Aviation killed the railroad car. Flying came and broke your heart. Oh-ooh. And now we meet in an abandoned station. We hearing the chugging and it seems so long ago. And you remember the whistles used to go…
But aviation hasn’t usurped passenger train travel completely. In fact, last week, Rae Armantrout, the 2010 Pulitzer Prize winner in poetry, took Amtrak from San Diego to Anaheim for her Tabula Poetica visit. Anaheim’s train station is nestled into the parking lot of Angel Stadium, and the trains ran on time. Rae found the rail travel far more enjoyable than driving because she spent her time reading.
In childhood, Doug had a bedroom window overlooking a small patch of Midwestern overgrowth, surrounded by homes and farmland. This space was known affectionately as The Gulley. Late at night, all manner of hue and cry issued from The Gulley. Despite parental assurances about cats, raccoons, and other small creatures, Doug remains convinced that the tree-lined area, complete with watering hole, was the actual home of Bigfoot. If Bigfoot exists, he lives in this gulley, not in the dark, old-growth woods as claimed by those in the Pacific Northwest—Doug has lived in both places, so he knows.
The nighttime sound that cuts through memory most sharply now is the powerful blare of the locomotive horn. Just north of Doug’s childhood home, a single railroad line sliced The Gulley in two. At regular intervals, laden freight trains hammered their way through town, rattling windows as a tangible reminder of their power, their heavy load. Doug’s first word was for the train; he called it frau-frau.
Anna grew up the granddaughter of a retired Pullman Conductor, who still dreamed of walking the aisles of the Santa Fe Chief. Her own father took Anna and her sister to the train station in Springfield with its great mural. The goal was sometimes to meet friends or family visiting from Chicago, but mostly the idea was to smash pennies on the track, something no longer done. Once the family moved “to the country,” there was a railroad track across Route 29. Whenever a train halted the ride home, Anna’s father counted the cars. He didn’t always count the cars on every train, but if he couldn’t see the end, he counted, just to know for sure when he’d seen the longest train of his life.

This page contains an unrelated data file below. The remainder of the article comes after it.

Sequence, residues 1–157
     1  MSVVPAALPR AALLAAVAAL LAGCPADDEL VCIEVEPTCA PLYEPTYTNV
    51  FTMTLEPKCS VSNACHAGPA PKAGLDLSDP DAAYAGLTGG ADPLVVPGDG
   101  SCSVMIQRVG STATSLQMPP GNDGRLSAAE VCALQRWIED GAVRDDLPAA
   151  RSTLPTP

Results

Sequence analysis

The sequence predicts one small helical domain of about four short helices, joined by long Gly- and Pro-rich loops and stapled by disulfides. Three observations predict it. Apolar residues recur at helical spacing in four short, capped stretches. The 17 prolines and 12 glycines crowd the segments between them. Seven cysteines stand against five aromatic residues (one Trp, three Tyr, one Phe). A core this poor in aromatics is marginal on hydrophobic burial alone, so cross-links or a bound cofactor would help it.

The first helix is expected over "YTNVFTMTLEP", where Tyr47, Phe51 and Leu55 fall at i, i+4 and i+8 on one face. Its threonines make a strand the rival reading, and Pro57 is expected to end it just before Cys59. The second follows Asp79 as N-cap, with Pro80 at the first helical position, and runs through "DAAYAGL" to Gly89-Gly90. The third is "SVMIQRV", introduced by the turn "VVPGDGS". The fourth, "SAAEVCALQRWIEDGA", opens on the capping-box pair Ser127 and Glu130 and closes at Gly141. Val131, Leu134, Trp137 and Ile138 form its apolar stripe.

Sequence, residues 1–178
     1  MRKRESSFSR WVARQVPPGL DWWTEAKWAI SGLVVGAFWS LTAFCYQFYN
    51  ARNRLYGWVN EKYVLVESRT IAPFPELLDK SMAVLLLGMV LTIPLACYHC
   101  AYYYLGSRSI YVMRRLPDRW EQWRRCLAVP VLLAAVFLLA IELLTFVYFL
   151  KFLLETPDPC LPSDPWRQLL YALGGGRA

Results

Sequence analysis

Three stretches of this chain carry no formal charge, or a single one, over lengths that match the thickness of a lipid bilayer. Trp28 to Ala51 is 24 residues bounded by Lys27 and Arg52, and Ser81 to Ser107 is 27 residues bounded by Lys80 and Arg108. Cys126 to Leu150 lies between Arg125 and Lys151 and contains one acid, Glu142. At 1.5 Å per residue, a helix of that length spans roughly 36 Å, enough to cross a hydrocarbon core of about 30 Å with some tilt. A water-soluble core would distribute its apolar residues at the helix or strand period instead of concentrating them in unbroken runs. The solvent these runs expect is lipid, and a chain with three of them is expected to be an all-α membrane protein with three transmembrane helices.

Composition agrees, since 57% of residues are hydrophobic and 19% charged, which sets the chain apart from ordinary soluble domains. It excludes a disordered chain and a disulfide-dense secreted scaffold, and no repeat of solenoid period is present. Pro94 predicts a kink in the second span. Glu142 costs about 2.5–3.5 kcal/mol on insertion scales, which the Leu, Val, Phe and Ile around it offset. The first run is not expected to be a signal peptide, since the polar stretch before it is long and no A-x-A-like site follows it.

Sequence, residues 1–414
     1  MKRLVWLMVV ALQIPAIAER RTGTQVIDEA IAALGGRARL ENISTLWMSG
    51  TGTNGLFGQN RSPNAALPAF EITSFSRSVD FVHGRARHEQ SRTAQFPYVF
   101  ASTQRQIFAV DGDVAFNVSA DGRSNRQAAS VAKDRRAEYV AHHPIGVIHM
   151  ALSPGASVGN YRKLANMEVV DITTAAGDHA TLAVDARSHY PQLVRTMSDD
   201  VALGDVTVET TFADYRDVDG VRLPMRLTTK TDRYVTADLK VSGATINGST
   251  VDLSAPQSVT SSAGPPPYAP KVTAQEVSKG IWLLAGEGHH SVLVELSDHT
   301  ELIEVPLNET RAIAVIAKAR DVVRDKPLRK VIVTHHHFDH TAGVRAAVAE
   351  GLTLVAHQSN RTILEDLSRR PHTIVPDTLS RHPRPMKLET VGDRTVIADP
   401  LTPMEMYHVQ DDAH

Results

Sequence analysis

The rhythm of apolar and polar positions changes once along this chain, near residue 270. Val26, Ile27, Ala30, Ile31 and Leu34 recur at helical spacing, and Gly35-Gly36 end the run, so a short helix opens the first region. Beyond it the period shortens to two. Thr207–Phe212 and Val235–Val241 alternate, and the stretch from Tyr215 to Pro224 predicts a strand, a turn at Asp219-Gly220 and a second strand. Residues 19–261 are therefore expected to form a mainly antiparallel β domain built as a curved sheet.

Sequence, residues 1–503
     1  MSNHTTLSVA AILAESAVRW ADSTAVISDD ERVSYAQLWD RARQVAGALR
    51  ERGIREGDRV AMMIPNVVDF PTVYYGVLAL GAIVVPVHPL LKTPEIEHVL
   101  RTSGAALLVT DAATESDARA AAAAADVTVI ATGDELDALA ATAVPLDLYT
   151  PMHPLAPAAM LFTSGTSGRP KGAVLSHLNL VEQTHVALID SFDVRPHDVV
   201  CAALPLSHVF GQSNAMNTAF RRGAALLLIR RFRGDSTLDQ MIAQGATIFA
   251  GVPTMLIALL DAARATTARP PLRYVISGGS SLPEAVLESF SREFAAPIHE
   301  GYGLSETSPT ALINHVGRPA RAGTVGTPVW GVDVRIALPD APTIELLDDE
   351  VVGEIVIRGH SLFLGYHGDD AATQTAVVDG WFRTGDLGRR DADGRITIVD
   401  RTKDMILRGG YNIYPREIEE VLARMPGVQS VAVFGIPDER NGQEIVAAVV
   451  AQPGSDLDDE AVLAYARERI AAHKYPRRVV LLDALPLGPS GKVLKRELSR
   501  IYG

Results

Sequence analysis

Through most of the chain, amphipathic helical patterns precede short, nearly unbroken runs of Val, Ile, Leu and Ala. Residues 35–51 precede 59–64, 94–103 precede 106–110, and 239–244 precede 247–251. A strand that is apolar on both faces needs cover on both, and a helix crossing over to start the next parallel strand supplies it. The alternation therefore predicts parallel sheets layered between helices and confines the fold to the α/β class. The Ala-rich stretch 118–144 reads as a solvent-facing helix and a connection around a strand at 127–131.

Back then, in the 1970s, trains and the railroad—the area belonged to Burlington Northern—were a vital part of the economic fabric of the towns in central Midwest. At that time, Abingdon, where Doug grew up, even had a new addition—imagine that, a small Midwestern town that was actually growing in size. Trains of that era were ad hoc and random seeming in their comportment: box cars in various colors, flat cars carrying all manner of machinery and materiel, different logos (like Chessie, the sleepy cat), even a caboose or two rushing by. In Galesburg, near the rail yards, a sign still announces how many days since the last injury on the job.
After our childhoods, trains played a more prosaic role in our lives: ordinary transport. In college, Amtrak meant a quick, cheap ride to Chicago from Champaign or Galesburg. A few years ago, train runs were added between the state’s university towns and its northern hub. Chicago’s Union station is a bustling, clean place, not the dark, dingy hall it was in the 1980s.
After college, when Anna was earning her MFA at the University of Maryland and Doug was an Abstractor/Indexer at a NASA CASI near Baltimore, DC’s ubiquitous and efficient Metro system meant cheap, unfettered access to the joys of the nation’s capitol without the flop sweat induced by negotiating the spoked street system and trying to find a parking spot near Dupont Circle. The Green Line station was behind our apartment complex, the Red Line got us to our favorite museums and restaurants, and the Blue or Yellow Line whisked us all the way to National Airport. Since then, our lives have taken us to Ohio, Missouri, and Oregon and back to Illinois—and now to California. Amtrak and the city’s commuter train systems have been there to handle those trips when driving was more nuisance than aid.
Los Angeles has a strange history with the railroads and a deeply rooted attachment to the car—and to the individual and autonomy that an automobile represents. Patt Morrison, an NPR commentator, writes, in an essay in My California: “Los Angeles is a city built by centrifugal forces, and what’s in the center of a centrifuge? Not much.” She explains that Southern California’s character has been suburban from the get-go. The center never held here, as it did in Chicago or New York, whose immigrants clung together in communities. Immigrants to SoCal tended to be middle-class, with money and skills, so their destination was not a community. “You think I traveled all this way by wagon/ship/train to reach this glorious sunshine to cram myself into some dark, little flat?” We get the sense that Californians don’t much like trains, that trains in California don’t often get you where you want to go, that the railroad just isn’t the same concept here. It’s no wonder, as Southern California, in fact, may be a home—if not the home—of aviation.
We miss the train, though we can hear the whistle of the occasional Amtrak and Metrolink—there’s a station a couple of blocks from Chapman University’s campus. We should hop a train to San Diego—we’d like to visit there. We’re hoping that the plan for high-speed to Las Vegas pans out, too. At least, we’ve been to Union Station in Los Angeles, the place Anna’s grandfather paused before turning around and heading home—that deserves its own blog post here someday.